At the same time, he pledged to advocate for workers’ rights and enhanced protections. The group’s initial mission focuses on augmenting benefits for insured workers, striving for equity in healthcare coverage, and ensuring transparency in Social Security Fund (SSF) investments.

Following the election, the Social Security Board now assumes a crucial role.

It provides guidance to the minister on social security policy and formulating regulations for SSF management, requiring approval from the Finance Ministry.

Sustainability of Social Security fund not only in question, trends point to certain trouble ahead as more workers opt out and fewer enter the workforce

Key challenges identified by the Thailand Development Research Institute (TDRI) for the SSF include addressing medical welfare benefits and ensuring the financial sustainability of the pension fund. The latter is the most significant.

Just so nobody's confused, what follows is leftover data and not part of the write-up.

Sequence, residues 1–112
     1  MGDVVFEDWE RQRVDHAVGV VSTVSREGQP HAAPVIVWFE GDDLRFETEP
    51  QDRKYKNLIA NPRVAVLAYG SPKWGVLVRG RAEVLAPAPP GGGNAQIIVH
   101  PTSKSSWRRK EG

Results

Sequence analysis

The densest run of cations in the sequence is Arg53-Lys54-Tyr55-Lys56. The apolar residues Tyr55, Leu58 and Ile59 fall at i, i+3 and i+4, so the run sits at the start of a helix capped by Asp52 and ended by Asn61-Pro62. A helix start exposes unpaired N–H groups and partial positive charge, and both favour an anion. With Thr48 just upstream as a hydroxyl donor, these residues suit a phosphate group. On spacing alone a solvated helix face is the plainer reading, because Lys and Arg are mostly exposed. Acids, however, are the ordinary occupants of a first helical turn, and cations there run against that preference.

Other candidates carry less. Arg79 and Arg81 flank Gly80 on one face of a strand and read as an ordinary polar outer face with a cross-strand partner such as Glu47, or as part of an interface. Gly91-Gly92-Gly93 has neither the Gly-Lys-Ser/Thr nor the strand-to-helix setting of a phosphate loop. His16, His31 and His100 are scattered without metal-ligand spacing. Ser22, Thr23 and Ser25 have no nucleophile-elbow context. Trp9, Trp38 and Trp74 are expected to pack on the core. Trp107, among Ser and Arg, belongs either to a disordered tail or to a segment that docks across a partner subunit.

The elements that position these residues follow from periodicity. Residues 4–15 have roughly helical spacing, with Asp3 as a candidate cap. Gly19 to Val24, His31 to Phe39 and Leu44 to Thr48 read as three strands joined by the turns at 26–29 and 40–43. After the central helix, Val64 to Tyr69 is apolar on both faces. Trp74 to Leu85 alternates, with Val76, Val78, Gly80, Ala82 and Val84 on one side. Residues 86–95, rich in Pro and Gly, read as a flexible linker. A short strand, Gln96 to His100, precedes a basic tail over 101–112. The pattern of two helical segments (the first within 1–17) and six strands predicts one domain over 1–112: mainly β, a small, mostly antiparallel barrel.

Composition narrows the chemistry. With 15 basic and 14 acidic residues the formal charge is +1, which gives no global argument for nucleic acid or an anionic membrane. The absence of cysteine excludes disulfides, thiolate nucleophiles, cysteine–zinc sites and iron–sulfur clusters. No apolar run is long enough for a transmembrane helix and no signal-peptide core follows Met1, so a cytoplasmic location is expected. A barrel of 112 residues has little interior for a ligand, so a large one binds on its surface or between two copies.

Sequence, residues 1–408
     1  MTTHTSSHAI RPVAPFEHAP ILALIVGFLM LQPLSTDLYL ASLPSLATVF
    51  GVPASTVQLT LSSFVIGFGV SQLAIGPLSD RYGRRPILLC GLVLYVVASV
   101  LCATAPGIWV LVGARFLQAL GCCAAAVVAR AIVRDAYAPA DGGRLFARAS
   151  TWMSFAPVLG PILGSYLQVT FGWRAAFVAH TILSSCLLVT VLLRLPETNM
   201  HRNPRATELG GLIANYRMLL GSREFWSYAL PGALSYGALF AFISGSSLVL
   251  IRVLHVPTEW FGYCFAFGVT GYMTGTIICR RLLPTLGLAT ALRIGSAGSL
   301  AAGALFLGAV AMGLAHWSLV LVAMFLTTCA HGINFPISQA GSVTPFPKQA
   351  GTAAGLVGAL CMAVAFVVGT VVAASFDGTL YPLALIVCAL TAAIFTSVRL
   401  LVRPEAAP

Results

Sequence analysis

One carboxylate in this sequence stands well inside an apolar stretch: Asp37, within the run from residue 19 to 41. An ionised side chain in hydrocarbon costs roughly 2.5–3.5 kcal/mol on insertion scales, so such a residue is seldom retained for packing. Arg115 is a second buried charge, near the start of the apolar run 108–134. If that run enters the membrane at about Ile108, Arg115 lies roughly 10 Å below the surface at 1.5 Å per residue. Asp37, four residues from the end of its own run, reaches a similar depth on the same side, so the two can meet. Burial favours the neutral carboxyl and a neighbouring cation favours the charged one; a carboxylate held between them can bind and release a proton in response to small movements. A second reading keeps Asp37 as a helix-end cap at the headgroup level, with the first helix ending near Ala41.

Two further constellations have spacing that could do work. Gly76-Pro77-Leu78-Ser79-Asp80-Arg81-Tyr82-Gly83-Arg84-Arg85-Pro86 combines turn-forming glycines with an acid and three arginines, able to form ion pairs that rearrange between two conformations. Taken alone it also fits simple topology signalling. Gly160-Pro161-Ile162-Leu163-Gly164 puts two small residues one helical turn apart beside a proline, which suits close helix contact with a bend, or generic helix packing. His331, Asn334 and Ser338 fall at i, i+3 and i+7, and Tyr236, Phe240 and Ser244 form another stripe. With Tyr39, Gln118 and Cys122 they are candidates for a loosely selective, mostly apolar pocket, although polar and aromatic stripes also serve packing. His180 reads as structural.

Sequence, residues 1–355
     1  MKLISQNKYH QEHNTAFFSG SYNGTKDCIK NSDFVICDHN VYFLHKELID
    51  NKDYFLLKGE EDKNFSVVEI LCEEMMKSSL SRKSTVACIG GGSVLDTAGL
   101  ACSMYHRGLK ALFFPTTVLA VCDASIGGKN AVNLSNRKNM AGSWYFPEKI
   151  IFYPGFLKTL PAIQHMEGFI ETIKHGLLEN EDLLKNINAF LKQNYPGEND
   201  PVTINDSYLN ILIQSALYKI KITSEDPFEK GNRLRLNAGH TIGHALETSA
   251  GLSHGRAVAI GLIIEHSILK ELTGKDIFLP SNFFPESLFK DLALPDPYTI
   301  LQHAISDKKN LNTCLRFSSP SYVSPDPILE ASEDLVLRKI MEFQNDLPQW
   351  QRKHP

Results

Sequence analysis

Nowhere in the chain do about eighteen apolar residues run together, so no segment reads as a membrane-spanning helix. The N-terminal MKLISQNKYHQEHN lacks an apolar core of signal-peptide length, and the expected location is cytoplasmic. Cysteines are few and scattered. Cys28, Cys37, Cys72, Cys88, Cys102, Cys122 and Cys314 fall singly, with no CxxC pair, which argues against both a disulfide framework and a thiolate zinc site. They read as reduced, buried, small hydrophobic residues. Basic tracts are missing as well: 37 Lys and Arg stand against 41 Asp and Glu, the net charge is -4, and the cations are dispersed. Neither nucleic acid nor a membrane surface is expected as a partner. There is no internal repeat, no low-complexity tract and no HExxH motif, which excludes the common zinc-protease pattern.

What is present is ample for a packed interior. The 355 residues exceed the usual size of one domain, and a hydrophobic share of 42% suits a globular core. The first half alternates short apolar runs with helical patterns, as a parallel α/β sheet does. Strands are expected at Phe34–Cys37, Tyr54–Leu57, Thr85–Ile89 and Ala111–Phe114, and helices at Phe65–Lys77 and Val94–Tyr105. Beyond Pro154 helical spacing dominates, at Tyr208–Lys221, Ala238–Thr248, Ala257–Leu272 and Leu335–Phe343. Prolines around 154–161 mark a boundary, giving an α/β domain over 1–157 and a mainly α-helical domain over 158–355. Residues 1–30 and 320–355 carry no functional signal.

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In September 2023, the Minister of Labour announced plans to raise the retirement age in Thailand.

At this time, more workers are opting out of the workforce due to the country’s ageing crisis. The phenomenon accelerated during the pandemic emergency.

In the meantime, the numbers appear contradictory. Therefore the first job for the new board is to become familiar with the financial situation.

Earlier, after the historic election, Labour Minister Phiphat Ratchakitprakarn expressed disappointment. He was referring to the low voter turnout. 

Despite nearly 950,000 pre-registered Social Security system members being eligible to vote, only 150,000 individuals exercised their voting rights, a mere 15.79% turnout. In contrast, the employer turnout was 46.82%, aligning closely with expectations.

Social Security fund has a staggering value of ฿2.36 trillion. Losses have been recorded in recent years and are rising spectacularly fast at this time